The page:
There were bullets all over Banderas Bay last Thursday to Saturday, as the top boats in the seven divisions of the 18th Annual Banderas Bay Regatta were unusually dominant.
Romping all over their classes with three bullets in three races were Louis Kruk of the San Leandro-based Beneteau 42S7 Cirque, Thor Temme of the Kauai-based 30 year old 41-ft custom trimaran Meshach, Dave and Kim Wegesend of the Puerto Vallarta-based Maluhia, Rudy Heessels of the Beneteau 36S7 Wind Child, and Tom and Cheryl Landgreen of the Beneteau Idylle 43 Bolero. Winning their divisions with two bullets in three races were Jim Casey of the Lake Tahoe-based Jeanneau 43DS Tomatillo and Rick Gio and Jan Grant of the Sebastopol/San Rafael-based Beneteau 40 Music.
The Banderas Bay Regatta doesn’t recognize an overall winner, but we do. It’s Dave and Kim Wegesend of Maluhia who, after spending years restoring their Catana 42 — and lightening her up by doing things like replacing the heavy plywood floors with helium infused lighter-than-air composite ones — flew around the course at speeds not previously seen in a Catana 42. Well done.
A huge ‘well done’ also goes to Laurie Ailworth, formerly of Alameda, who was primarily responsible for the biggest Banderas Bay Regatta fleet in history. Ailworth says she’ll be stepping down after two years, but nobody believes her, thinking she wouldn’t be able to live with the guilt if she did. Please, Laurie, don’t go.
Banderas Bay lived up to its reputation by providing excellent flat water sailing conditions, with the wind almost always in the 9- to 17-knot range. It goes without saying that it was plenty warm and the skies were blue. The host Vallarta YC did an excellent job, and Paradise Marina was as accommodating as ever. If you like casual cruiser racing, you don’t want to miss the 19th running next year.
Just before 10 p.m. Saturday, Franck Cammas and his nine-man dream team passed the Ushant lighthouse after 48d, 7h, 44m, 52s, becoming the first crew to sail around the world in under 50 days, and take the Jules Verne Trophy in the process. Cammas’ 105-ft trimaran Groupama 3 was up to the task, covering the rated course distance of 21,760 miles at a staggering average of 18.76 knots, while actually sailing 28,523 miles at an average of 24.6 knots. With Bay Area-based navigator Stan Honey deciphering what was often very tricky and unfavorable weather, Groupama 3 was 500 miles in arrears of the previous record — the 50d, 16h, 20m, 4s time set by Bruno Peyron’s Orange II in ’05 — at the equator. By the time they reached Ushant, the team had amassed a lead of over 1,400 miles in their final sprint to the finish.
"I think we could do a lot better but I’ll let someone else beat our record first as I don’t really see the appeal of battling against myself!" Cammas said. "It was a great relief to cross the finish line. We ended up with a great time, certainly better than we could have expected after crossing the equator with a day’s deficit. Forty-eight days was an objective we set for ourselves before the start and this proved to be the case even though we didn’t often have conditions that were favorable."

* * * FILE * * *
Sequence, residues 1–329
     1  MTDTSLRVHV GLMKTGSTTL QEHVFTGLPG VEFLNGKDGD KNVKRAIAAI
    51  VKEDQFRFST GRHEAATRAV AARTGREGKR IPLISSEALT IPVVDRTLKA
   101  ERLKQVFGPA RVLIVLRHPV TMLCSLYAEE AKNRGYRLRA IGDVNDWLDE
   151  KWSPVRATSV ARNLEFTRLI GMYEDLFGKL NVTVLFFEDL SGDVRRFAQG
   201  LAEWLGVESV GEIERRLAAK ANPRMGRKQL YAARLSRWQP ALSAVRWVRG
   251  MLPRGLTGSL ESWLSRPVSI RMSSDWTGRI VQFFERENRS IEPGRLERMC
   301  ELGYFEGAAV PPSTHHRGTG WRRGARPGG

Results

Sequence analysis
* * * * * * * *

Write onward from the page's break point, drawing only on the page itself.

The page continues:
Cammas’ impressive team was an all-veteran assembly of guys who have a lot more sea miles than he does: Honey, watch captains Fred Le Peutrec and Steve Ravussin, helmsmen/trimmers Loïc Le Mignon, Thomas Coville and Lionel Lemonchois, and three bowmen: Bruno Jeanjean, Ronan Le Goff and Jacques Caraës, while Sylvain Mondon provided the shoreside weather routing.
"We trusted in our boat and in the concept of the trimaran," Cammas said. "It was a dream team with a whole wealth of experiences and talents. Sometimes I had to put my feelings to one side and take onboard the ideas of everyone else. I learned a vast amount — it was superb."
Even though we encouraged readers in Friday’s ‘Lectronic to sail out the Gate with Plastiki, the 60-ft eco-cat built on the Bay, we were surprised by how many boats turned out Saturday morning. There had to have been 100 or more! Unfortunately, most weren’t there to send off Plastiki in style; they were, of course, racing in any one of a number of events held that day. Thankfully, the Plastiki crew didn’t realize that, so they think Bay sailors turned out in droves to wish them fair winds. Shhh . . . it’s our little secret.
Many of the dozen or so boats that did come out to see them off followed Plastiki and her tow boat out past Mile Rock before turning for home. Ironically, with light westerlies, the strictly downwind vessel required a petroleum-fueled RIB to pull them out past land. "What’s the carbon footprint of that?" asked one poster on our Facebook page. Considering the ‘green’ nature of their mission, it’s a fair question, but one that seems overshadowed by the measures the team has taken to make their voyage as sustainable as possible — from provisioning with locally grown and supplied food to installing a mini-greenhouse to provide fresh produce.
According to their very cool tracking system, Plastiki has traveled 163 miles so far and is currently running at five knots. Not bad for a boat built from soda bottles. Follow the crews blog posts and tweets at www.theplastiki.com.